3. A thermoplastic elastomer according to claim 2, wherein said propylene polymer (b) is from 15 to 85 parts by weight per 100 parts by weight of the total semicrystalline polyolefins and wherein said functionalized polyolefin (c) is from 10 to 60 parts by weight per 100 total parts by weight of polyolefins in the thermoplastic phase.
    4. A thermoplastic elastomer according to claim 3, wherein said polar functional groups are present in an amount from 1 to 2.5 mole percent of the total repeat units of said functionalized polyolefin (c).
    5. A thermoplastic elastomer according to claim 4, wherein said pendant polar functional groups are derived from maleic anhydride.
    6. A thermoplastic elastomer according to claim 1, wherein said crosslinked rubber comprises ethylene-propylene-diene rubber, isobutylene copolymer rubber, or combinations thereof.
    7. A thermoplastic elastomer according to claim 1, wherein said crosslinked rubber comprises natural rubber, a homo polymer of a conjugated diene, a copolymer having at least 50 weight percent repeat units from a conjugated diene, or combinations thereof.
    8. A composite article from a thermoplastic elastomer and a polar polymer or a metallic substrate, said article comprising:
      (A) a polar polymer or metal having a tensile modulus of at least 897 MPa (130000 psi) and being in the form of a molded article, sheet or fibers, and
      (B) a thermoplastic elastomer including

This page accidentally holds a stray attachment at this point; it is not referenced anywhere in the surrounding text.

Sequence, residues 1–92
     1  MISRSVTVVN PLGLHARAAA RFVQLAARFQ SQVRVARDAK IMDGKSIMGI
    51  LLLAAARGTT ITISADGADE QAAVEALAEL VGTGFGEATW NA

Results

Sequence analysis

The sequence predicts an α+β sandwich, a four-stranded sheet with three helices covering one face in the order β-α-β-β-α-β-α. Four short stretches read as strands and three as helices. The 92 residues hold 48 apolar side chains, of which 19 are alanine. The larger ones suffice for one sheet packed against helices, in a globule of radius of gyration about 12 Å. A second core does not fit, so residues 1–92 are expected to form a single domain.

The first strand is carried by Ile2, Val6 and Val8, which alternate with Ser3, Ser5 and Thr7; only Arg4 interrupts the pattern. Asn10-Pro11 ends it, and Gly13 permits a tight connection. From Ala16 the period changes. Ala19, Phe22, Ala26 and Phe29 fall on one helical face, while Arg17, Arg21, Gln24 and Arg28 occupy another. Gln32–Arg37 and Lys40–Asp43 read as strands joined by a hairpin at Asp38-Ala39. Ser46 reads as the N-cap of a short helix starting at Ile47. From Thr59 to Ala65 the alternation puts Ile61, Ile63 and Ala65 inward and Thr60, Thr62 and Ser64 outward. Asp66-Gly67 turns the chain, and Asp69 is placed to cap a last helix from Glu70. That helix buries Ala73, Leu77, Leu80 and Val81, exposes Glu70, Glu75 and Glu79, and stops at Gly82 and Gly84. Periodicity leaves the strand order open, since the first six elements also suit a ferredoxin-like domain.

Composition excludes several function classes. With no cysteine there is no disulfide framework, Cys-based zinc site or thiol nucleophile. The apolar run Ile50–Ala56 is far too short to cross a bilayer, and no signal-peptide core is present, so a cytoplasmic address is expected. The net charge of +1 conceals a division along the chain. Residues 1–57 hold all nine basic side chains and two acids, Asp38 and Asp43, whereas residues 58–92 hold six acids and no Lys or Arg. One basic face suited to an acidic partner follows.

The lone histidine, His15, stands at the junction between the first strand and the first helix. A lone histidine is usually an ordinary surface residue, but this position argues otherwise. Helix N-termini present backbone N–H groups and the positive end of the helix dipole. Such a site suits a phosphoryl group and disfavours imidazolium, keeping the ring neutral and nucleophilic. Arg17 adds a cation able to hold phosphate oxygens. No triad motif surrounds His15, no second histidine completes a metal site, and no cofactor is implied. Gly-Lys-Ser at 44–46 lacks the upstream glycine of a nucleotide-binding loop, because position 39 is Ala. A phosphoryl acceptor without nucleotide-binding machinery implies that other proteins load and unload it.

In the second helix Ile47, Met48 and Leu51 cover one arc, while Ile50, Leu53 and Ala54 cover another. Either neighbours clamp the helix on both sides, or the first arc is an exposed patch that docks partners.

(a) a dynamically crosslinked rubber selected from ethylene-propylene-diene rubber, isobutylene copolymer rubber, natural rubber, a homo polymer of a conjugated diene having from 4 to 8 carbon atoms, a copolymer having at least 50 weight percent repeat units from a conjugated diene having from 4 to 8 carbon atoms, and combinations thereof,
      (b) from 10 to 400 parts of propylene polymer having from 10 to 26.5 weight percent crystallinity, determined by dividing the heat of fusion of the propylene polymer by 209 joules/gram, and a flexural modulus tangent from 34.5 MPa (5000 psi) to 138 MPa (20000 psi), determined by ASTM D 790 A at 23 °C, and
      (c) from 10 to 200 parts by weight of a functionalized polyolefin having pendant polar functional groups, wherein said polar functional groups are present on from 0.5 to 3.5 mole percent of the total repeating units of said functionalized polyolefin and said functionalized polyolefin is derived from polymerizing at least one monoolefin into a semicrystalline polymer or is derived from hydrogenating the polydiene blocks of a block copolymer
      wherein said crosslinked rubber (a), said functionalized polyolefin (c) and said propylene polymer (b) are interdispersed such that the thermoplastic elastomer is melt processable in conventional thermoplastic processing equipment, and wherein said parts by weight are based on 100 parts by weight of crosslinked rubber.